An online search led her to discover the death cafe franchise. The informal approach of the gatherings – drinking tea and talking about death – resonated with Yau. When she contacted the website about bringing the concept to Hong Kong, she learned that, coincidentally, two of its US members would be in town to take part in the International Conference on Grief and Bereavement in Contemporary Society (a triennial knowledge-exchange for scholars, leading healthcare professionals and experts in Thanatology, the scientific study of death and associated practices), and host a death cafe session at Hong Kong University as part of the conference.
Alongside university staff and NGOs, Yau helped organise Hong Kong’s first death cafe in June 2014, with around 30 participants. Since then, more than 10 death cafes have taken place in various locations around Hong Kong, including art centres, book shops, and coffee shops. Over time a number of individuals have taken up the initiative, including a group of students.
For instance, 21-year-old Chuk Ka Lok, a Chinese University of Hong Kong student who goes by Louis, and a group of peers organise death cafes at the Stay Within Bookspace in Chai Wan.
“In Chinese society, we cannot talk about death. But the movement has allowed me to remove the stigma from it,” says Lok, lamenting the caveat that it’s always more challenging to open up to those closest to you. “I still cannot tell my parents I am hosting a death cafe. I’m just hosting a cafe – I’ll put it that way.”
The gatherings consist largely of people aged 31-50. Participants tend to be those who are directly affected by death, such as nurses, palliative care workers, caretakers, people with terminal illnesses, and those in the last stages of their lives.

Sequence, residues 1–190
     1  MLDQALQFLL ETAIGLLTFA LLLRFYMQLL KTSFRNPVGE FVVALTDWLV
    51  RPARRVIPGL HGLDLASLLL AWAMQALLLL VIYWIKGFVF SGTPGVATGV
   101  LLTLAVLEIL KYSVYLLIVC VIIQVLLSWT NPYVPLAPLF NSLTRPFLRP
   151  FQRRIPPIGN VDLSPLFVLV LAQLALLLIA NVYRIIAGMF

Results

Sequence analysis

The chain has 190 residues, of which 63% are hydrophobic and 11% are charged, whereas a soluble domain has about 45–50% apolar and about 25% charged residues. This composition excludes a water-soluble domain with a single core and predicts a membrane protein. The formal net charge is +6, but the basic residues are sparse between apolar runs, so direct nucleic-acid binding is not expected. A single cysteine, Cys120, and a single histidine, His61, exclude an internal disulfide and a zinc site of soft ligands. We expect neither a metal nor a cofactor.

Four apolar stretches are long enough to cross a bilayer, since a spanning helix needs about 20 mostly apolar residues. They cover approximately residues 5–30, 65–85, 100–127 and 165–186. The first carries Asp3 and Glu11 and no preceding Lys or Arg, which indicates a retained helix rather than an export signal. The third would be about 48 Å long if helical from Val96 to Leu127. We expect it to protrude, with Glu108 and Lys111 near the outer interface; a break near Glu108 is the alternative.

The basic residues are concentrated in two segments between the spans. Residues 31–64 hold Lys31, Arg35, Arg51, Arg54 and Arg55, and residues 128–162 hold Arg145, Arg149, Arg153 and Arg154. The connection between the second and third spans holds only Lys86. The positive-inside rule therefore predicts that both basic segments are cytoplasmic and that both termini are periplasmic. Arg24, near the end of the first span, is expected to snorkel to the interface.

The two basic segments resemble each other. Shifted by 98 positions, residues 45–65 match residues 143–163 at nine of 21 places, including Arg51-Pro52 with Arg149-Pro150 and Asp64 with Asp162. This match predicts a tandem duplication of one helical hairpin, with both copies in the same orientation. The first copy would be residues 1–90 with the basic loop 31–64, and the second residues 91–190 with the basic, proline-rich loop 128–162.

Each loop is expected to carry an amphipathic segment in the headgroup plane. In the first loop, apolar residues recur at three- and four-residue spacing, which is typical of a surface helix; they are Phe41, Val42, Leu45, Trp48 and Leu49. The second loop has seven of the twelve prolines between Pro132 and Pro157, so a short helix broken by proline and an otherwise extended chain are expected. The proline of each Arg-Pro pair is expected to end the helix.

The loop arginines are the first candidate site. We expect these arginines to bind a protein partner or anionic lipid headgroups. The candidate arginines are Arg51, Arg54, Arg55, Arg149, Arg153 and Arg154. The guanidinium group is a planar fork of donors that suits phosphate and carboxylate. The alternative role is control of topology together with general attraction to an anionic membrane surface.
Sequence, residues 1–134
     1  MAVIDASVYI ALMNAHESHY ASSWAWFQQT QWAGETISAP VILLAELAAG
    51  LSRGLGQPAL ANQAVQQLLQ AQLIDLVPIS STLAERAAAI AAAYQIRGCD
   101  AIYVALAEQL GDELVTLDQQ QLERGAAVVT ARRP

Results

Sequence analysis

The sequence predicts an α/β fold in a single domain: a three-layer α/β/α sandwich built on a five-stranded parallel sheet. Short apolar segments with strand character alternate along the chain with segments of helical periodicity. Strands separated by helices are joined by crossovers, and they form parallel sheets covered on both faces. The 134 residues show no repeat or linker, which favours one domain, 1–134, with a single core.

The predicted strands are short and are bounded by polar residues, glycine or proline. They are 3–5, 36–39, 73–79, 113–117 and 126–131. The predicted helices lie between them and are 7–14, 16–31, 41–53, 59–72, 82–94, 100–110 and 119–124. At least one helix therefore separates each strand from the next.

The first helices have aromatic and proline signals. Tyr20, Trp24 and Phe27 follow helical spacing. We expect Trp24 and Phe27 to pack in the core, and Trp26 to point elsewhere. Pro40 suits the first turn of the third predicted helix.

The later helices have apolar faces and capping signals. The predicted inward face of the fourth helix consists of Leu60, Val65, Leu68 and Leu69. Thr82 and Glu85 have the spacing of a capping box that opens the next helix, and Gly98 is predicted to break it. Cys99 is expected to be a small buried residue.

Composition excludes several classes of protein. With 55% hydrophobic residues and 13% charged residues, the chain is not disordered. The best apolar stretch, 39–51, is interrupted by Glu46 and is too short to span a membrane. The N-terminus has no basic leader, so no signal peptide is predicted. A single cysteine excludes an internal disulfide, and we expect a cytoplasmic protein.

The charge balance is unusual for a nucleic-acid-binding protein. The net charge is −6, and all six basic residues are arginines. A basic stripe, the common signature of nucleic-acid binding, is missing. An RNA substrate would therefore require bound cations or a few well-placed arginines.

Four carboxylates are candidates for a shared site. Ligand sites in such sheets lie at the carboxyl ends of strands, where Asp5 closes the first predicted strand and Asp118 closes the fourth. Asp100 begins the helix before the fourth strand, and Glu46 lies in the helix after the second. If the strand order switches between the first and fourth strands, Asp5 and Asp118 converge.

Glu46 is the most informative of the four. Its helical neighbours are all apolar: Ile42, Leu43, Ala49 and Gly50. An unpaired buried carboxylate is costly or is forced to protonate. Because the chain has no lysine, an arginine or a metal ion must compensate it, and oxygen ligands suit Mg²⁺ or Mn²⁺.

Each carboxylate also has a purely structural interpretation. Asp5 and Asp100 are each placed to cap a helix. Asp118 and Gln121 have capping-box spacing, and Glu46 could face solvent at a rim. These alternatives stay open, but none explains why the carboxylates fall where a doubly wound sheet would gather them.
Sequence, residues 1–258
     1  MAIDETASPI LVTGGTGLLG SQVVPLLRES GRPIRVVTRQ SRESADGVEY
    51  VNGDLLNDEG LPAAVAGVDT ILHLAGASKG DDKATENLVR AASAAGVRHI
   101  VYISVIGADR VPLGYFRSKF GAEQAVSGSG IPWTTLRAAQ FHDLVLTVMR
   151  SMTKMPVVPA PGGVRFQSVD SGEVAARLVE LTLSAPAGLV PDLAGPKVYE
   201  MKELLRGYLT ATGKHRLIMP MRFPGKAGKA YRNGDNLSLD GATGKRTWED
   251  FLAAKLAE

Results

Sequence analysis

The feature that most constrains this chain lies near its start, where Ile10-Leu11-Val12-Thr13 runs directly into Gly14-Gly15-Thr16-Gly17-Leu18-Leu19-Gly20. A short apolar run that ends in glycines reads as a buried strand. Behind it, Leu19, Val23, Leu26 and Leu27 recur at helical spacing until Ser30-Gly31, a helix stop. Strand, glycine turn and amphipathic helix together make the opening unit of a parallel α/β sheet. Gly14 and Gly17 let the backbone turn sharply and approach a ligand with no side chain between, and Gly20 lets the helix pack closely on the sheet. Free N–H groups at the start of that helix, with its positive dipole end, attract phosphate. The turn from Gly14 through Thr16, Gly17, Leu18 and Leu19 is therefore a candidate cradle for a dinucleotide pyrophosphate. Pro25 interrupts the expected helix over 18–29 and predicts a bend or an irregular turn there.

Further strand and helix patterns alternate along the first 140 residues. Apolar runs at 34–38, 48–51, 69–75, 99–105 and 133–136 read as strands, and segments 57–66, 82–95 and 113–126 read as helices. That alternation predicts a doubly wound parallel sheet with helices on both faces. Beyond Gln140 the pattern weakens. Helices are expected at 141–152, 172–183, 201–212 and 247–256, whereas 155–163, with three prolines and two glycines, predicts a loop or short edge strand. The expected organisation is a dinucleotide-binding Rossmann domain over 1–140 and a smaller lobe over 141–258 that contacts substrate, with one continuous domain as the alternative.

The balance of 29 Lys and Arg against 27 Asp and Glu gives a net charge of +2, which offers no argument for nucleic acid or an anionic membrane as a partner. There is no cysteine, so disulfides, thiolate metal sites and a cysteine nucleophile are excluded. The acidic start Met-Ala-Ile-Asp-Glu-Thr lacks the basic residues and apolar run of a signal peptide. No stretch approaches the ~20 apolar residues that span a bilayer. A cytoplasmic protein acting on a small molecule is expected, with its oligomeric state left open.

“We observed that Hong Kong people understand and learn about death through sickness and in hospitals, but we want to broaden the story and perspective on life and death,” says Lok. “So we collected some books on war, poverty, mental illness, animals and also the environment, as these topics also offer another way to approach the subject.”
The students hope what they discuss during the cafes will stay with the attendees beyond the gatherings. “We share suggestions on how to initiate the conversation at home, with friends and in the workplace,” he adds. “[Hopefully] this will help people to be open-minded, listen to their peers’ ideas and share their feelings. To have a supportive conversation about life and death. Death can create meaning, and death can create bonding.”
Embracing death in Asia
In addition to death cafes, a number of Hong Kong organisations have tailored the death positive movement to engage local audiences through art, music and performance.
“I have friends and peers who are running the Death Bookshelf, collecting books related to death,” Yau says. “And [Hong Kong] also hosted Asia’s first Death Festival.” Or, as it’s best known, DEAtHFEST, an event created by Arnold Leung, a registered social worker and fellow in Thanatology.
The inaugural festival took place over three days at the Hong Kong Polytechnic University in June 2015, and included 72 workshops spanning sculpture, painting, dance, drama and Chinese painting, with over 30 artists involved. A series of lectures included topics such as palliative care, bereavement and advance directives (a legal document that outlines a person’s preferred healthcare treatments if they can no longer make decisions for themselves).
“DEAtHFEST promotes life and death education in Hong Kong,” Leung explains. “I am trying to make death more interesting. That’s why I bring the arts into the conversation.”
For example, the festival featured an award-winning local musical called The Passage Beyond, a collaboration between Hong Kong Sinfonietta and Actors’ Family, which tells a story about life, death and love. The performance encouraged audiences to think more deeply about death and, consequently, be more open to discussing it, says Leung.
“In Hong Kong, many elderly have their funeral preparations in place, but their children refuse to talk to them about it. The elderly can feel confused about this,” says Leung. The proximity to death enables senior citizens to envisage the end of their lives with more immediacy, according to Leung, whereas “youth are generally distant from death. Thinking about it is too scary for them.”